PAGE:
Kelly is a researcher in the interdisciplinary field of psychoneuroimmunology. Like most other specialists in this field, Dr. Kelly would most likely disagree with which of the following statements? A) The surfaces of lymphocytes contain receptor sites for neurotransmitters and hormones, including catecholamines and cortisol. B) Lymphocytes themselves produce neurotransmitters and hormones.C) The central nervous system and the immune system are directly linked. D) The immune system response cannot be classically conditioned.
88. Most psychoneuroimmunologists are likely to share the view that: A) the immune system works completely independently of other body systems. B) there are interconnections among psychological processes, nervous and endocrine system functions, and the immune system. C) the endocrine system works completely independently of other body systems.
D) there are no direct connections between the brain and the immune system, only indirect connections. 9. In one study on the effects of stress, dental students received one small puncture wound on the roof of their mouth during their summer vacation and a second wound three days before their first major exam during the fall term. What were the findings of this study? A) On the average, wounds inflicted during summer vacation took 3 days longer to heal than wounds inflicted just before the major exam. B) On the average, wounds inflicted just before the major exam took 3 days longer to heal than the wounds inflicted during summer vacation.C) In both situations, the female dental students healed almost twice as fast as the male dental students.
D) On the average, wounds inflicted just before the summer vacation took 3 days longer to heal than the wounds inflicted just before the major exam. Page 20 90. Mrs. Prouli has been taking care of her husband, who has Alzheimer's disease, for a number of years. The prolonged stress involved in caring for her husband may: A) result in increased effectiveness of her immune system.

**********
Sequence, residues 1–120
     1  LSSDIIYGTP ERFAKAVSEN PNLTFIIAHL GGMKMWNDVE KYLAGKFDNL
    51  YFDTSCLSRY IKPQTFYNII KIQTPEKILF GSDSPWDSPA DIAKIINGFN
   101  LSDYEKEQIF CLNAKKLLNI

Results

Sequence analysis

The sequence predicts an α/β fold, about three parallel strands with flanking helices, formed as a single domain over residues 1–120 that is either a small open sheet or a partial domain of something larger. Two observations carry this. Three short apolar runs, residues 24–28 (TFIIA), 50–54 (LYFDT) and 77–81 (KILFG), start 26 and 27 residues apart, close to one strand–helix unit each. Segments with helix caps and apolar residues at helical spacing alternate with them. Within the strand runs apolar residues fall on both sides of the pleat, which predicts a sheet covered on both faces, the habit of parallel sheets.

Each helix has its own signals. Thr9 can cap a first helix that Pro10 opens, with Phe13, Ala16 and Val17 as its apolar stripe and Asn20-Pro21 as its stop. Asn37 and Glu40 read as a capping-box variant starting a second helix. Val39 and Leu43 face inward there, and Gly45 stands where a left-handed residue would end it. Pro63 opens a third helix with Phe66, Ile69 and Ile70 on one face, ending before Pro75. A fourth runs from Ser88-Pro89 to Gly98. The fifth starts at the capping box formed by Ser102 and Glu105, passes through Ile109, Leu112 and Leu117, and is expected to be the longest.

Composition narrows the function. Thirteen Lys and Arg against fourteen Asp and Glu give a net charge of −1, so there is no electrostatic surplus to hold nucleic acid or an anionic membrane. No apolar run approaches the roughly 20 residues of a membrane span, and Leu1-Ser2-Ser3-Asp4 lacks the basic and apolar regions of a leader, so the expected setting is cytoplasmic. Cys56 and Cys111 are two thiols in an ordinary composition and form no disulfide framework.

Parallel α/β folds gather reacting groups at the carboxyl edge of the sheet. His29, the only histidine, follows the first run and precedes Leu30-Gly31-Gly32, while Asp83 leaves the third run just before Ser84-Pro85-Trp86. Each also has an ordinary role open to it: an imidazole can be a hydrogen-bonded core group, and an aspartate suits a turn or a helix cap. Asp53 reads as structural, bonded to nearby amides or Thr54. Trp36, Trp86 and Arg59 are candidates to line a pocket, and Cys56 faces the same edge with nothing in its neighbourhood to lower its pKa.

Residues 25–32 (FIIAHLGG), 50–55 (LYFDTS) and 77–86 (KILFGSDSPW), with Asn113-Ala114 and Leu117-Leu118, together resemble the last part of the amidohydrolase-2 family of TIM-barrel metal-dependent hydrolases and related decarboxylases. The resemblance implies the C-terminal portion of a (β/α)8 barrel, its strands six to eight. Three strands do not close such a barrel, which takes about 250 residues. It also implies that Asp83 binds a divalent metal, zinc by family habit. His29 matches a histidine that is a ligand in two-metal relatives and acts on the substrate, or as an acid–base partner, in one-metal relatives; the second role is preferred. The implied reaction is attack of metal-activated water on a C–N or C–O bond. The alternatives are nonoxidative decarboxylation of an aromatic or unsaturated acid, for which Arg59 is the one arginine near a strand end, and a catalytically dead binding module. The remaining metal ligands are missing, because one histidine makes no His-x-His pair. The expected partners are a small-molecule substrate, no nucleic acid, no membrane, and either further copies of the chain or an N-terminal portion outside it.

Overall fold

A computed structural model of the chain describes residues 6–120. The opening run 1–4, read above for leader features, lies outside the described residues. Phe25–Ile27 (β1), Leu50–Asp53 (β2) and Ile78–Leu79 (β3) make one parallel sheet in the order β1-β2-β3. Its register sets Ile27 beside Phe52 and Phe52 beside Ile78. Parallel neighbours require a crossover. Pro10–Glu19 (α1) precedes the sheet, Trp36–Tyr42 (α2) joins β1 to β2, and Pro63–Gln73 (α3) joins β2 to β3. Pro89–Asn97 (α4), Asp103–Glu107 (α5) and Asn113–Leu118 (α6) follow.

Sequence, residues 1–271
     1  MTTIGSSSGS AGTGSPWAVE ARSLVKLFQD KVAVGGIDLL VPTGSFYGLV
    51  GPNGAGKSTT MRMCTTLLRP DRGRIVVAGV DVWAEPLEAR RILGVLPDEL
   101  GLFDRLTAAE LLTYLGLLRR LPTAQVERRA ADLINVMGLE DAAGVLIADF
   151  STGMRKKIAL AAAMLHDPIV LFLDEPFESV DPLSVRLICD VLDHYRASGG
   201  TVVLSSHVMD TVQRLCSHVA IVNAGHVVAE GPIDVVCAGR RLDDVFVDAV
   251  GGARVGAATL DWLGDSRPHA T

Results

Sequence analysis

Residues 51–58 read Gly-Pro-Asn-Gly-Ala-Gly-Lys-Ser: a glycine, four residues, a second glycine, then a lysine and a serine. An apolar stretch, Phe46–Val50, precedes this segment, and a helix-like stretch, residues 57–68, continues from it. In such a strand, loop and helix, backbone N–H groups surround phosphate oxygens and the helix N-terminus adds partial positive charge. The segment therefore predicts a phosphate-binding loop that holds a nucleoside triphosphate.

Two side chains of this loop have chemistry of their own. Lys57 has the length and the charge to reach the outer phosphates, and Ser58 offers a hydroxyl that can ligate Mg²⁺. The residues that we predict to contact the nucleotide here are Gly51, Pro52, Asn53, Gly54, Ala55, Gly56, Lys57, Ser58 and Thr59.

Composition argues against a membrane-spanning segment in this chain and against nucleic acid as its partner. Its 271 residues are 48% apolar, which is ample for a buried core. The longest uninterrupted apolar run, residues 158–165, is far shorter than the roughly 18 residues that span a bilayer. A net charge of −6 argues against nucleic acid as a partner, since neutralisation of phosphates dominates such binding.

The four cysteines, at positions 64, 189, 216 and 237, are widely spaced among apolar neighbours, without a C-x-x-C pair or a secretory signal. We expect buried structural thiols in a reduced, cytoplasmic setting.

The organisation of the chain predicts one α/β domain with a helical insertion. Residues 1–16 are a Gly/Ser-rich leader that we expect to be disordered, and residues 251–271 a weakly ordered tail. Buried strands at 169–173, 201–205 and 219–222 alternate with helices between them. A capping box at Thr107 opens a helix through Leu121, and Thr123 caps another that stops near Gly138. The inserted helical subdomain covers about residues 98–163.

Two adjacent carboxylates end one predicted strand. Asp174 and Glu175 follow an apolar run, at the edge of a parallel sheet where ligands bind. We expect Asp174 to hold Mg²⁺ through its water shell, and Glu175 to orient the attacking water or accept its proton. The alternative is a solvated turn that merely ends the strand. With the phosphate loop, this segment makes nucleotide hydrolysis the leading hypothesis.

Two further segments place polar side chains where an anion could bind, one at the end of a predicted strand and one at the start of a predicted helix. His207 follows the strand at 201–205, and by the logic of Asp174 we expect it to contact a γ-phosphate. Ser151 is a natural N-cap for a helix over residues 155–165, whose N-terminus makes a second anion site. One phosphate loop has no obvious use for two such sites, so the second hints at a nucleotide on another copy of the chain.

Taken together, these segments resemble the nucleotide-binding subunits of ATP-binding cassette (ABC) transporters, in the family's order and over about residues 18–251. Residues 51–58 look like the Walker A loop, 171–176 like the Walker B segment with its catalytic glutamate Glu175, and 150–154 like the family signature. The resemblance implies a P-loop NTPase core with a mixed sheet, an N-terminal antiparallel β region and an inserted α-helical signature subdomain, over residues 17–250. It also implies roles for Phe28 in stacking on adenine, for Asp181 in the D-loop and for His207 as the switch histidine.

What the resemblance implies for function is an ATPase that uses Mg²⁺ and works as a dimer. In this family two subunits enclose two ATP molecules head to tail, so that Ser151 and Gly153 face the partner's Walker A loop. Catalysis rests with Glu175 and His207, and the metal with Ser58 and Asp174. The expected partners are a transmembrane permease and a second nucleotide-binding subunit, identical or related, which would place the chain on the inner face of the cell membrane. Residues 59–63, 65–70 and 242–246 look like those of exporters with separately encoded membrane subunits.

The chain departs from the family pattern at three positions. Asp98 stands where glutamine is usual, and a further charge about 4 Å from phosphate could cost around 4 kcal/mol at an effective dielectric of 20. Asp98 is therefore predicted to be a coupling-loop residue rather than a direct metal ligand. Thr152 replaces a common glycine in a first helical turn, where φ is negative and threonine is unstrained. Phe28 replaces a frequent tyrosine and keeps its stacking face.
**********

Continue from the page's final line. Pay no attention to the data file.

B) suppress the secretion of corticosteroids by her endocrine system.C) result in reduced immune system functioning. D) suppress the secretion of catecholamines by her endocrine system. 91.
Minor everyday stressors such as taking an exam: A) have little or no effect on immune system functioning. B) have a positive effect on immune system functioning. C) can temporarily alter immune system functioning. D) can increase immunity to bacterial and viral infections.
92. Janice Kiecolt-Glaser and Ronald Glaser investigated the effects of rather commonplace stressors such as the numerous exams that medical students have to take each year.They discovered that exposure to such ordinary stressors of life: A) does not affect immune system functioning. B) builds up greater immunity to bacteria, viruses, and other foreign invaders. C) adversely affects immune system functioning. D) decreases the levels of both corticosteroids and catecholamines in the body.
93. Research by psychologist _____ has conclusively shown that everyday stressors, such as the stress of preparing for exams, can decrease immune system functioning in humans. A) Walter Cannon B) Janice Kiecolt-Glaser C) Richard Lazarus D) Hans SelyePage 21 94. Psychologist Sheldon Cohen and his colleagues conducted a carefully controlled study examining the relationship between stress and susceptibility to the common cold. What were the results of this study? A) Increased susceptibility to colds was not related to the volunteers' level of stress, but rather to unhealthy behaviors, such as poor diet and smoking. B) The only factor that caused increased susceptibility to colds among the volunteers in the study was exposure to the nasal spray containing the cold virus.